"According to what I notice on a daily basis, the security situation in the country has become the main concern for most people," she tells Magharebia.

Maysae Haider, 33, is in the same position. "I no longer go to the theatre at night, or out to see my friends and relatives, because I am afraid of driving at night by myself," she says.

"That is what made me addicted to the internet, and Facebook, and eating, which has added weight concerns to my worries," she adds with a wry smile.

Men are equally concerned about the new threats. Rida Bettaieb, a 48-year-old resident of the capital says, "The spread of crime in broad daylight and in front of everyone has become disturbing and frightening."

"I am no longer reassured until I see my children back home. I have banned them also from going out at night for fear of any misfortune," he adds.

There are also financial consequences of Tunisia's security situation. Some nocturnal professionals have seen a decrease in their business, taxi driver Ali Arfaoui tells Magharebia.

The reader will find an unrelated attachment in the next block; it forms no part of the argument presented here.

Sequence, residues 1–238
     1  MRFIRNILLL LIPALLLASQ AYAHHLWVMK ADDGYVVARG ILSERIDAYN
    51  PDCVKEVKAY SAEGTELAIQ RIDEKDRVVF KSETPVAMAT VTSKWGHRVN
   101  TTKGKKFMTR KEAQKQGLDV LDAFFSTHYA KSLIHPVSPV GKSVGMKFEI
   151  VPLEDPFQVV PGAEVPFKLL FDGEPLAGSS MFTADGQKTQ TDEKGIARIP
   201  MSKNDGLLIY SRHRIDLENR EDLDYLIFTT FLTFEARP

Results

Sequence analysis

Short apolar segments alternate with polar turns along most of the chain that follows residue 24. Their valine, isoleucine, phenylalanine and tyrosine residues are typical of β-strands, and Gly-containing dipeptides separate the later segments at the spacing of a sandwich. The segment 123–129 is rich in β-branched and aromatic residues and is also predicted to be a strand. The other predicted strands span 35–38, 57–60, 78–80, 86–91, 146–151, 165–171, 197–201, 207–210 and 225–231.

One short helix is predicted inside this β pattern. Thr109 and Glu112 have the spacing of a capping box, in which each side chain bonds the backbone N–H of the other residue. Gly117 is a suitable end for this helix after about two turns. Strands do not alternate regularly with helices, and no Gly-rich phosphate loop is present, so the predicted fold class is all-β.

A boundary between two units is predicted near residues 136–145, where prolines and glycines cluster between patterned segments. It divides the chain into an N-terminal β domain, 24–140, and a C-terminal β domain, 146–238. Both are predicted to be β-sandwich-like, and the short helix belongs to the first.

"Before the revolution I used to stay late without fear, but now I go back home early for fear of bandits and criminals," he complains.

"Due to reduced working hours, my daily income dropped, affecting my relationship with my wife and my children, especially since prices are continuously on the rise, adding insult to injury," the taxi driver says.

Citizens are trying to make the best of the disheartening scenario. Tunis resident Mounira al-Abedi says: "The assassinations, and the landmines that we hear about every day in Jebel Chaambi, make me pronounce the declaration of Islamic creed before taking the metro or when entering a mall."

"I am a practicing Muslim but what is happening today has nothing to do with Islam. Islam is innocent of these terrorists," she adds.

Tourism takes a hit

Since a suicide bomber blew himself up last month in Sousse - the first such incident in more than a decade - residents of the scenic beach resort fear the loss of the beauty, security and tranquillity that distinguishes their "jewel" from everywhere else in Tunisia.

This incident touched more than the Tunisian coast. Most of the country's commercial and tourist areas were suddenly forced to take unprecedented security measures.